Both a fictional account of couple Maya and Karim, and in the form of notes in the margins is Kandasamy’s parallel account of thoughts and research while writing it, showing her workings and asserting which is which. From the author of When I Hit You: Or, A Portrait of the Writer as a Young Wife.
Kandasamy is one of the rising stars of contemporary literature ... Kandasamy looks the reader directly in the eye ... the results scrolling down the page margins creates a peculiar poetry ... The key question about Exquisite Cadavers, however, is does all of this work?...That is the hardest question to answer, because the terms are that it should be an experiment – there has never been a book quite like this. Better to ask, then, whether it surprises, grips, makes the reader take notice – all those things literature is supposed to do – to which the answer is, easily, yes, yes, and yes again.
... deeply lyrical, with space given for thoughts to build ... With the writer present on the page, every choice feels driven. The result is an exploration of how discrimination can pull and pick at intimacy. Kandasamy’s presence only enhances the fiction; her sense of life and art introducing a never-ending conversation between writer, text and reader ... The reader must make a choice about how to read Exquisite Cadavers — but it isn’t difficult. There is a natural step-back, step-forward between the two sides of the page, like letting yourself be moved by waves. The margins aren’t pedantic, but powerful ruminations on Kandasamy’s role as artist, and the news and research that dominate her mind as she writes ... a book that is slyly funny and profoundly thoughtful. It is common for critics and readers to belittle women by assuming they write out of catharsis rather than to create. Exquisite Cadavers is not just a fierce rebuttal. It’s a work of brilliance.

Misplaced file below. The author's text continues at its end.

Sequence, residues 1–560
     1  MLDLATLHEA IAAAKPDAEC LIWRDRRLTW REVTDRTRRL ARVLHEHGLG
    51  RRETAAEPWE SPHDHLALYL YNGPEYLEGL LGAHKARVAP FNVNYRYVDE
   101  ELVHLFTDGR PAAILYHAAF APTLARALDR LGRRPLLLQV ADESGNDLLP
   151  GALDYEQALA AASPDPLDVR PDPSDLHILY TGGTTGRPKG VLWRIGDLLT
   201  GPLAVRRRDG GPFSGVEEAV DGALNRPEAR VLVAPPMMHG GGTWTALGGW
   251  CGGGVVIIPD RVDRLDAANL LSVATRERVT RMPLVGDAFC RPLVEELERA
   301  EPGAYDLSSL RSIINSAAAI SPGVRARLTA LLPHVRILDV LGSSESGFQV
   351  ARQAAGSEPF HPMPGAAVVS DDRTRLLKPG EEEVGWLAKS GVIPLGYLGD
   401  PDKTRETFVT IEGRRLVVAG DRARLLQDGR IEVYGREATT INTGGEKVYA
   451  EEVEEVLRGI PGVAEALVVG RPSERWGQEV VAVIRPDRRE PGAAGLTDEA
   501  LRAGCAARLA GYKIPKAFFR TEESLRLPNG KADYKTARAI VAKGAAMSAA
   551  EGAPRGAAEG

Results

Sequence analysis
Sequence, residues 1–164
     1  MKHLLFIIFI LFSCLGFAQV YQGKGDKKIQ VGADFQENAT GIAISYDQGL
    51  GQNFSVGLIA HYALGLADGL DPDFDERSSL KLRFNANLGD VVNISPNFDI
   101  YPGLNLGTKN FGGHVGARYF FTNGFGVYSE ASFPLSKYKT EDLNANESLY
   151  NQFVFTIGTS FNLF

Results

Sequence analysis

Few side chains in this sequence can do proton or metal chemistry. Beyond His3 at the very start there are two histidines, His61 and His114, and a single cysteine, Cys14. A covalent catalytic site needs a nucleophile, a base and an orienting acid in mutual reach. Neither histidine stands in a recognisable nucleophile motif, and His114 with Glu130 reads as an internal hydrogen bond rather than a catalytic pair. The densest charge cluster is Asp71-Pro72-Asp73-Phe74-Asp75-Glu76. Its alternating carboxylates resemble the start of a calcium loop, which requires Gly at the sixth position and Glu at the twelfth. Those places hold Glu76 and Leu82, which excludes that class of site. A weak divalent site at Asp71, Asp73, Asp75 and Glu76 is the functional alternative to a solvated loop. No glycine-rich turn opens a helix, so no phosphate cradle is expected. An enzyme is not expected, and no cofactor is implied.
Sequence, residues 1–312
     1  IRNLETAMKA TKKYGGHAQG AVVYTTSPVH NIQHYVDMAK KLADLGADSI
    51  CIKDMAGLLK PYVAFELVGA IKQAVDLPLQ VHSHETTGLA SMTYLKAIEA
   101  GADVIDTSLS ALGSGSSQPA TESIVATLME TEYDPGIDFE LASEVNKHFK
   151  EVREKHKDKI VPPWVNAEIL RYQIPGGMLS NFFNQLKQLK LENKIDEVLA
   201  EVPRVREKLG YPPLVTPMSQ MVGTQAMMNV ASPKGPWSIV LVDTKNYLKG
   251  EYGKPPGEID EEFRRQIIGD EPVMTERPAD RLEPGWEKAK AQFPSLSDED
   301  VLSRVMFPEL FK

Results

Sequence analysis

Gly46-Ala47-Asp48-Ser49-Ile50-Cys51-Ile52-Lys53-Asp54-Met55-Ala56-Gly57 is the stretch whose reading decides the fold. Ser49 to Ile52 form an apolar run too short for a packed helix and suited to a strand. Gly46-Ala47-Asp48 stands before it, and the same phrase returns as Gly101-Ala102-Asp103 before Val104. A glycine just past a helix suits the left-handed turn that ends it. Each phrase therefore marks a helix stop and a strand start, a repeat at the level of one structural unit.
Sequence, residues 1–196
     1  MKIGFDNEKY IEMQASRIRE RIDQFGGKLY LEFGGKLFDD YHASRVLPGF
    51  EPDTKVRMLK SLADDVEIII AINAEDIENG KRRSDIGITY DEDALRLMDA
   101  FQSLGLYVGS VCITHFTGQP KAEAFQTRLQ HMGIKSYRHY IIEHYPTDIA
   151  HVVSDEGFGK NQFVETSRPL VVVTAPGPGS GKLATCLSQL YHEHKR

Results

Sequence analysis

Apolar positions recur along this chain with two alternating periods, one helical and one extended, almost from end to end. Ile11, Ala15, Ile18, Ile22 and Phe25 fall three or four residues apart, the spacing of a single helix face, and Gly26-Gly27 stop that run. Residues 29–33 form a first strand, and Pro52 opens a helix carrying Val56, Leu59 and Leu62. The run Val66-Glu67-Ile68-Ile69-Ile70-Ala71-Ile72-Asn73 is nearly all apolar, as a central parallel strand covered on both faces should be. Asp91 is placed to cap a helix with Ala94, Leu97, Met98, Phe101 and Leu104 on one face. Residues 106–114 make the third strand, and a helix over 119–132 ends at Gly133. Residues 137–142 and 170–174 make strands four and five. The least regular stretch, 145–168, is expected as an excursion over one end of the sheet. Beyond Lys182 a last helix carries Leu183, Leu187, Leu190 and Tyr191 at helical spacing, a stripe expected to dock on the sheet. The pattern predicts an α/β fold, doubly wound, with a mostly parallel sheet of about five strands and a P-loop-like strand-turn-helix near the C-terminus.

Often, the authorial notes are more satisfying than the fiction, but they come together to explore overlapping themes. What transpires is a rich and absorbing text full of allusion to domestic Indian politics, Marxism and feminism. It’s equally a fascinating account of a writer’s process, and a successful reclamation of her own authorial control. If what we write is of course informed by what we know, Exquisite Cadavers asks the old question of why books written by women are dismissed as memoir so often, but does so in a remarkably fresh way. Kandasamy’s work becomes more bold and exciting with each new book.